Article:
Hamburg Ballet | Dance review
There were tears of joy at the conclusion of Hamburg Ballet’s Chicago debut last night, mostly from company director/choreographer John Neumeier. The audience showed its appreciation with a standing ovation. It was a memorable homecoming for the Midwest native who’s been based in Europe for more than 40 years. For it, he brought his much-anticipated story-ballet Nijinsky, playing two nights at the Harris Theater.
Neumeier has described Vaslav Nijinsky as the first super star of the 20th century. It’s evident, based on this performance, that his admiration for the dance-great runs deeper than casual fascination. Neumeier, one of the world’s most extensive collectors of Nijinsky memorabilia, sets out to convey a man whose influence was (and still is) significant to the evolution of ballet. A famous and tragic story, Nijinsky’s legend is one of obsession, polarization and glamour: He was bisexual, genetically predisposed to schizophrenia, stirred controversy with unconventional work and ultimately institutionalized. Sounds built for Hollywood. (And it was. See Herbert Ross’s biopic Nijinsky.) In this case, Neumeier’s “present-tense” vision is more than admirable; it’s larger-than-life.
Nijinsky opens on January 19, 1919 at the Suvretta House Hotel in Switzerland, the place of the famed dancer's last public performance. An adoring crowd gathers in the hotel lobby, anticipating his entrance. When he arrives (an inspired performance from Alexandre Riabko), the descent into madness begins. A modernized contemporary solo—by current standards engaging—nearly frightens the public; they’re not sure whether to clap or leave the room. The mood shifts from reverence to confusion.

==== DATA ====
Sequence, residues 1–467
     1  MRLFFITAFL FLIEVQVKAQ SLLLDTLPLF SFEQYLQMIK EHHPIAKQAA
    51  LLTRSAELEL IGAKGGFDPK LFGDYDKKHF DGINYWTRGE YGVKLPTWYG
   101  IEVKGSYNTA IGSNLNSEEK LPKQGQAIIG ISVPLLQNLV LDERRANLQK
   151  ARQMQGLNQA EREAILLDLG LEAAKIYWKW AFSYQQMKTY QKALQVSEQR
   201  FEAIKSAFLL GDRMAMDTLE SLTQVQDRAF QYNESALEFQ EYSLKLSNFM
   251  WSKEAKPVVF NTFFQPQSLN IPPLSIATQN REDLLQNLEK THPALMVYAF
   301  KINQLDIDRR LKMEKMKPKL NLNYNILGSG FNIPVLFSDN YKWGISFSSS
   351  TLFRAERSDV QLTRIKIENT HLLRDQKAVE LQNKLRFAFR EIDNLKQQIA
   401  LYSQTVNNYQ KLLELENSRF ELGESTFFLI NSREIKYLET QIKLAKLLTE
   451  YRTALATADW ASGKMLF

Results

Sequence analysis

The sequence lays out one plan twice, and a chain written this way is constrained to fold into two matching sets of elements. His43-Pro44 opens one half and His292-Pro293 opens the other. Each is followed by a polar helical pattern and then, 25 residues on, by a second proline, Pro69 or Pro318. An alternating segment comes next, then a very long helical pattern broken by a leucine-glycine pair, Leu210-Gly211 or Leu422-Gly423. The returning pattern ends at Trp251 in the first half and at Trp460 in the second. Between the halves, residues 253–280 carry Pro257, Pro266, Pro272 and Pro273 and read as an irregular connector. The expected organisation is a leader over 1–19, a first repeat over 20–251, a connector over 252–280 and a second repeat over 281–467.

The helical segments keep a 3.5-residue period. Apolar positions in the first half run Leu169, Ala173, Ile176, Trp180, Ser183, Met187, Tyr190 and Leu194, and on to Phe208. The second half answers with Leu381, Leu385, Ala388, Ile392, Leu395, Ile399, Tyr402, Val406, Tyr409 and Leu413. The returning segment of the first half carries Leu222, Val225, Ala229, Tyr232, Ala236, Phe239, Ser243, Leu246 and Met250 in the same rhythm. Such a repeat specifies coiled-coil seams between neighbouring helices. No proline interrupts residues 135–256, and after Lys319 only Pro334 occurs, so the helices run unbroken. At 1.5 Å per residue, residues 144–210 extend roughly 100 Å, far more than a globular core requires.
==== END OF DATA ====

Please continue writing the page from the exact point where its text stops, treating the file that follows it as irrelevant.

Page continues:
The piece centralizes on Riabko’s Nijinsky figure, though other iterations appear from different ballets—Spectre de la Rose, L’Après-midi d’un faune, Scheherazade. It’s a retrospective of the past, looking back on his life and his creations. The story becomes more complex with the addition of Ballets Russes founder, and Nijinsky’s one-time lover, Serge Diaghilev (Carsten Jung). A riveting duet between Riabko and Jung makes no subtle commentary on the duo’s scandalous relationship. There’s also reference to Nijinsky’s wife Romola and his sister Bronislava. These interactions drive the first half of the performance, undoubtedly the more fanciful of the two acts.
The conflict heightens in the second act: the advent of World War I, Romola’s infidelity. The one distraction: a series of overly literal screeching meant to invoke “madness.” In two and a half hours, Neumeier’s delicate and violent portrait fluxes between extremes. Extravagant costumes and beautiful set designs, are met with often-busy choreography, meant to mimic the title character’s schizophrenic mind. The ballet’s comprehensive construction, though, is quite lucid.
Catch the final performance of Nijinsky tonight at the Harris Theater at 7:30pm.